I disagree emphatically. Having used Atom-based and E-350-based netbooks (and let's not kid ourselves, the E-350 is a netbook chip), the E-350 machines just feel snappier. I'd never buy an Atom-based computer, but I love the E-350. Reply
  • ppeterka - Tuesday, June 14, 2011 - link

    Absolutely agree with Dustin... Recently bought an E-350 to replace my wife's painfully struggling Atom n455 netbook. The user experience went through the roof. My wife is happier than ever (and that's a very good thing, and a very good benchmark! :))) )

    She is a "not-professional-but-quite-demanding" user. (20-30 browser tabs, Office, and video streaming at once, Twitter with multiple accounts, and so on). She used to have a C2D T6600 + GeForce 310 (or 210 , don't exactly remember) Toshiba notebook too, but since we acquired the Brazos one, she didn't turn the old one on. Have to sell it now...

    I know, Brazos is weak if compared to anything other than Atom. But magically it manages to absolutely fill its role. Hats off to AMD on that one!
    Reply
  • Broheim - Tuesday, June 14, 2011 - link

    I wouldn't describe your wife as a "quite demanding" user.
    Browser tabs don't take up CPU cycles once loaded (unless the page uses AJAX, and even then a simple http request isn't a daunting task even for a 20 year old processor) and only uses a little bit of memory.
    I'd call MS Office pretty basic computer usage .
    today video decoding is almost always hardware accelerated, so most of the work is offloaded onto the GPU (where E-350 has the upper hand).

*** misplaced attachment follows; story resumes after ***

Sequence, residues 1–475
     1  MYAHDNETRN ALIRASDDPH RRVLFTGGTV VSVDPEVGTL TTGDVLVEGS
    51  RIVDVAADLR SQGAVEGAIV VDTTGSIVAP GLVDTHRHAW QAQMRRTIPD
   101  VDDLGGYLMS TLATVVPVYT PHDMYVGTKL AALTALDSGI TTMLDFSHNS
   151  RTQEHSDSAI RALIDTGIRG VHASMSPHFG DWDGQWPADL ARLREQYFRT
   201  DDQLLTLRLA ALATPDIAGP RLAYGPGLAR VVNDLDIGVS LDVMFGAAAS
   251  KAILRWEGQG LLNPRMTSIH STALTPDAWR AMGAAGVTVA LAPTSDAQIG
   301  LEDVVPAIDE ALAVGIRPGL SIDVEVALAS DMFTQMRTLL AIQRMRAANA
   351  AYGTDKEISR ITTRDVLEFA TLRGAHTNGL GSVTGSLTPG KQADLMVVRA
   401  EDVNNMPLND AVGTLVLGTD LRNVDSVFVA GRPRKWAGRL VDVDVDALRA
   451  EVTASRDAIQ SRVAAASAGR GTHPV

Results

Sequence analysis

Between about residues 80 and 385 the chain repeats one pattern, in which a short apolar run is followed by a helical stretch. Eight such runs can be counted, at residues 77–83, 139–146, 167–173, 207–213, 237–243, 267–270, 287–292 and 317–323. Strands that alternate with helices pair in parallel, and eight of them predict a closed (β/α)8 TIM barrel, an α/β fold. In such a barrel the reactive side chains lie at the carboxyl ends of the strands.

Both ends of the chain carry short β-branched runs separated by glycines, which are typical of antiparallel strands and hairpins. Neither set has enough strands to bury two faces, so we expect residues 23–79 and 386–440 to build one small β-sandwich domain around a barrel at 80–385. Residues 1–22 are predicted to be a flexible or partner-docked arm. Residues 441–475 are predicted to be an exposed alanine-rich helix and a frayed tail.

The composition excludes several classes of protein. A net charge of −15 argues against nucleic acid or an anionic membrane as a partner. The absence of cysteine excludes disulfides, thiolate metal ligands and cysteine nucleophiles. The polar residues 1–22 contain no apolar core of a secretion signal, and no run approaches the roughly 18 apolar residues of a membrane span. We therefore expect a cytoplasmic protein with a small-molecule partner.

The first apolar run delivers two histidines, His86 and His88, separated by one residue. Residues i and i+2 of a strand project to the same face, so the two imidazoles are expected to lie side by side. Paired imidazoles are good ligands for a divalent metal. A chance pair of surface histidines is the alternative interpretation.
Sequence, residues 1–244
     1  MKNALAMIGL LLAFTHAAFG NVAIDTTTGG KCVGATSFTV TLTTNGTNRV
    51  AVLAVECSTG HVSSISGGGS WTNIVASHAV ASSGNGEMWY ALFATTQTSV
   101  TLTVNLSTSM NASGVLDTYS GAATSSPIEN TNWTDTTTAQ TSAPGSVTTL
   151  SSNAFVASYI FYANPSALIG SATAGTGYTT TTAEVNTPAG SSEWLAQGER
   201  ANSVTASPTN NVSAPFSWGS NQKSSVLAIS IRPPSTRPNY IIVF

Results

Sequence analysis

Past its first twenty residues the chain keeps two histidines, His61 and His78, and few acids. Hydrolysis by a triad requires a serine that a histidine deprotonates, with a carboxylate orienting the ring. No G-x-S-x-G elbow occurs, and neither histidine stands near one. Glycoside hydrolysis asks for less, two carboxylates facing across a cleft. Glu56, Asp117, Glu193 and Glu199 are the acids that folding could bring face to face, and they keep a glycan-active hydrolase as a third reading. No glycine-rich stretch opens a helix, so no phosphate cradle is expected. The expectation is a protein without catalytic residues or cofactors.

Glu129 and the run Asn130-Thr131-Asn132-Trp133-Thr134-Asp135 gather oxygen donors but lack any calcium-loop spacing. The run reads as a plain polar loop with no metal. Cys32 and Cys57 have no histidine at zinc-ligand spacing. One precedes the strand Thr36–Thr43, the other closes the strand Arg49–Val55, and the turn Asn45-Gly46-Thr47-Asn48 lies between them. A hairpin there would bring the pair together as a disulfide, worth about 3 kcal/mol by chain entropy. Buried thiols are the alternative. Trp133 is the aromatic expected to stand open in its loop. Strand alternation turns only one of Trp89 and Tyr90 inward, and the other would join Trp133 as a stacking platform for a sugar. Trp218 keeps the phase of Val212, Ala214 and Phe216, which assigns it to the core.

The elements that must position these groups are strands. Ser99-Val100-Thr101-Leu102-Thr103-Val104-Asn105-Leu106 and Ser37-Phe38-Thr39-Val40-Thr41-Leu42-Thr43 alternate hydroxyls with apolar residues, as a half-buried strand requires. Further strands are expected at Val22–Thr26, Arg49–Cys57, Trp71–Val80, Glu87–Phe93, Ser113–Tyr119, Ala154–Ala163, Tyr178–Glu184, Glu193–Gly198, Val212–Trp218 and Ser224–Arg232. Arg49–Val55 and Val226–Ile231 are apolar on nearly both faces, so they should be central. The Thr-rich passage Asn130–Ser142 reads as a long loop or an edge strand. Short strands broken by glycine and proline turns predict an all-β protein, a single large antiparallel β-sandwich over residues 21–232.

but I digress.

    just look at the benchmarks, there isn't much of a difference between the E-350 and a D525 (or similar) in CPU intensive tasks...
    any percieved "snappiness" on your part is down to other aspects of the system (such as HDD for instance).
    Reply
  • Iketh - Tuesday, June 14, 2011 - link

    are you forgetting single-threaded results? Reply
  • Broheim - Wednesday, June 15, 2011 - link

    1 synthetic benchmark... big whoop.

    they are equal in everything else
    Reply
  • duploxxx - Friday, June 17, 2011 - link

    perhaps actually read some reviews, they all agree on one thing, the system feels much smoother for daily tasks. I am sure you don't have both or used both so have no idea what you are talking about. just launching OS or any application is enough to notice the difference. I owned a n570 so i do know. Reply
  • Broheim - Monday, June 27, 2011 - link

    that is subjective opinion and the only subjective opinion that matters to me is my own. You fail to realize that the perceived user experience is a product of the system as a whole and not just a single component.... Reply
  • sinigami - Wednesday, June 15, 2011 - link

    i've only gotten to run two single threaded benchmarks on the E-350, and out of those two, the bench that showed the biggest improvement over the Atom was CPUMark99, by 6% percent, over an N455 in an MSI netbook.

    Granted, i didn't get to run all four of my single-threaded benchmarks on the E350 against the N455, but i will, and soon.
    Reply
  • maroon1 - Tuesday, June 14, 2011 - link

    Atom N455 is single core.

    There are new and better Atoms like N550
    Reply
  • sinigami - Wednesday, June 15, 2011 - link

    and, BTW, the N455 even plays 720p MKV. Who would expect any more than that out of a $250 netbook?

    But at the price of the E-350, i do expect more. And by more, i mean more than just ION level graphics that might let you send out 1080p to an external display. I want some significant CPU horsepower.
    Reply

Log in

Don't have an account? Sign up now